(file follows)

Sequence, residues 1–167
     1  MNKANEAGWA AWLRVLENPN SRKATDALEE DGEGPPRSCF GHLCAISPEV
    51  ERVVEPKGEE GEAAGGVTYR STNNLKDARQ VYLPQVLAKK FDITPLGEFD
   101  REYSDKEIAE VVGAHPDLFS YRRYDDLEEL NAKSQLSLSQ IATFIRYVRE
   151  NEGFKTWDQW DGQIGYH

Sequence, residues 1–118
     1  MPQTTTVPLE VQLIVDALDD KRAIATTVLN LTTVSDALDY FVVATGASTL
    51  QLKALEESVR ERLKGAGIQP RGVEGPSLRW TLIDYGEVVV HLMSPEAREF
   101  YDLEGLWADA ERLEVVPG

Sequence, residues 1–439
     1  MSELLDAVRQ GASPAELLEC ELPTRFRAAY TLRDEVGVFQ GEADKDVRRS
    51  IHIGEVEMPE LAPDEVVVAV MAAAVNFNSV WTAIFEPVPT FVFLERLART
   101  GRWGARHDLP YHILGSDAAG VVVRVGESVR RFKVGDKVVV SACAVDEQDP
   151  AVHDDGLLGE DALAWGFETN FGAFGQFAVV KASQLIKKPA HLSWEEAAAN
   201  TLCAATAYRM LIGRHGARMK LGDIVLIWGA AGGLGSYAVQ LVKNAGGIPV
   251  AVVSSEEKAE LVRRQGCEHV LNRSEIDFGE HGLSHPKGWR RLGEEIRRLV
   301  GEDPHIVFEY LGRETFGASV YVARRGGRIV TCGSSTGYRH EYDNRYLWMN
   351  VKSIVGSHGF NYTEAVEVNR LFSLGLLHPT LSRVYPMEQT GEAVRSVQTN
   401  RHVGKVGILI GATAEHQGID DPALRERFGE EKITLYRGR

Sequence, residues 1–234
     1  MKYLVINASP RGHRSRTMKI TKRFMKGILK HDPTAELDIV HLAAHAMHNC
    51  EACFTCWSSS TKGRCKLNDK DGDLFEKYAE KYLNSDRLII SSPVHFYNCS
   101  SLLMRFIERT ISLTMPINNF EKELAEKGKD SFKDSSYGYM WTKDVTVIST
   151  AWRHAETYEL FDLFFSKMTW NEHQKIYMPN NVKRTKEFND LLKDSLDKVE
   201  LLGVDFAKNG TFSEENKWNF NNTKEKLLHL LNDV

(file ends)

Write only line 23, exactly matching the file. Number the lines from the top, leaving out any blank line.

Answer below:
   101  SLLMRFIERT ISLTMPINNF EKELAEKGKD SFKDSSYGYM WTKDVTVIST